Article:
So they reversed the Court of Appeals opinion as to this determination of the applicability of Obergefell to the constellation of benefits and sent it back to the trial court for the trial court to hold further hearings on it. So what that did was it put back into the trial court, the question of standing, the question of the date of Obergefell and this what happened before Obergefell, what happened after? And the question of this injunction. Interestingly, just recently, in fact in the last what month, two months Karri? It was in January, so it's been two months. So interestingly that went back to the trial court in Harris County, but we've since had a change of politics in Harris County. So now there is a Democrat sitting on the bench in this court in Harris County. She undertook to hear summary judgment motions from both sides.
So when both sides file final summary judgment motions, that basically means that the court can make the decision based on the law and can rule on the summary judgments and decide the whole case. So the judge in the pigeon case, the trial judge has now granted summary judgment finding that the conservative activists did not have standing to sue and that judge has dismissed that case and therefore it's left it to the plaintiffs to appeal it and go back up on him. So, he's telling me that we're almost out of time. We wanted to talk about the A.E.E. case, which Karri talked about earlier in one of the presentations. We wanted to also talk about the P.S. case, which Nick talked about earlier in one of the presentations. So kind of moving forward, we talked just briefly about the H.S. case, but I wanted to give you specifically that case name because I think when we talked about it before, I didn't say the case name.
So in June of 2018, just not even a year ago, the Texas Supreme Court delivered a five four opinion in the case of enrey H.S. and we will put the site in the comments whenever it's time. And that case is the one that talks about the actual care control and possession of a non-parent. So in that case, the Texas Supreme Court defined control for the purposes of that standing statute that we talked about earlier and they said if the non-parent operated in a parent like role for at least six months as required by the statute, by the examples they gave, sharing a principal residence with the child, supporting the child's regular physical and psychological needs and showing guidance, governance and direction similar to that characteristically exerted on an everyday basis by a parent with their offspring, then that would be control sufficient to satisfy the standing statute to allow somebody who is not legally a parent to actually sue for conservatorship of a child.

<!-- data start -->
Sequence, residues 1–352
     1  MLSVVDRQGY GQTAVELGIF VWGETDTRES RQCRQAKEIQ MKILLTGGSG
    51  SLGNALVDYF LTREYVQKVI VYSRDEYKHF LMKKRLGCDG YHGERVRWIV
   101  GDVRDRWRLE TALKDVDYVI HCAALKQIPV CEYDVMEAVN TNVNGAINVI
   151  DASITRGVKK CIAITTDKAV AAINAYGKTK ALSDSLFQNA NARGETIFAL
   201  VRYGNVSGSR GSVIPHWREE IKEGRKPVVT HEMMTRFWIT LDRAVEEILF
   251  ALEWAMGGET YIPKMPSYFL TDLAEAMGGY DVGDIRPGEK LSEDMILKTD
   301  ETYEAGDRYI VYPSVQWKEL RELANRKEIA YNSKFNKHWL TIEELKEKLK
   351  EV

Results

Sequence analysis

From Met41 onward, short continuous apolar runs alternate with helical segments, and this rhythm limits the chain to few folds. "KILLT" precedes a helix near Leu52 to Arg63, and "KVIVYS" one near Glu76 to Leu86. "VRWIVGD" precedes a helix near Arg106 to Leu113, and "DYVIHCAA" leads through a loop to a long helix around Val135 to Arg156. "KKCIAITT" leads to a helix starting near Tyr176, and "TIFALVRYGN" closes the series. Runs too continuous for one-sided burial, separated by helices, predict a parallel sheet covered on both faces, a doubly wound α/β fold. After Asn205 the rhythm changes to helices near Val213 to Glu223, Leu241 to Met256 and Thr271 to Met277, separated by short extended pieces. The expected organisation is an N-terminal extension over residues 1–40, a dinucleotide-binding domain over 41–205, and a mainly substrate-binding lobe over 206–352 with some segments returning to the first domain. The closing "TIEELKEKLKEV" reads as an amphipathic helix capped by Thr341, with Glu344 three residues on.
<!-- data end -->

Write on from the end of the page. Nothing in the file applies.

They said the statute does not require the non-parent to have ultimate legal authority to control the child, nor does it require the parent to have holy seated or relinquish their own parent rights or responsibilities. So it really kind of gave a much more broad interpretation of that care control and possession statute than what had been put in place by some of the Courts of Appeals. So then let's just touch real briefly on the McReynolds case. That's a case out of the Dallas Court of Appeals on the name change and gender change. So that's one of the issues that we're seeing more common in some of the courts, where people are asking for a gender change in the law. And so this Dallas case, McReynolds and then there's another one that I'll put the site in the comments. There's two cases actually, but one out of Dallas called McReynolds and then there's one out of Houston.
And so what they've actually held on gender changes is that at least in the Houston court and the Dallas Court of Appeals districts, that there's no statutory provision in the law for a gender change. So with a name change, there's actually a statute in our family code here that actually talks about how to procedurally go about a name change. But with a gender change, there's no statute that actually tells us in the law how to go about doing that. So the Dallas Court of Appeals has basically taken the obvious road and said, because there's no statute that says it, we don't think we can do it. And so you can't do a gender change. There are other courts, especially District Courts in Texas that are taking a much different viewpoint and actually allowing gender changes. This is an area of the law, if you have a client come in and ask you about doing a gender change, you really need to consider where you're at and what the status is of the Courts, the District Courts, and the Courts of Appeals that you're practicing in front of.
Because it's very possible that you could be in a district that is not allowing those and you really need to send that client to a lawyer in one of the places and one of the District Courts that is allowing them. Interestingly with a gender change, there's no real rule about where a person would have to file them. If they're a Texas resident, they could pretty much fall that in any court in the state of Texas, even if it's in an area that they don't live in. So that's a place where you file is very, very, very important. So then the last case I want to talk about is that Marouf vs Aczar case. And this was actually a trial court case still is a trial court case, I think, and has not gone up on appeal. But it is, I think, going to be something that could be instructive. So that case, Karri, jump in if you want to talk about this one, but that case involved a denial of adoption.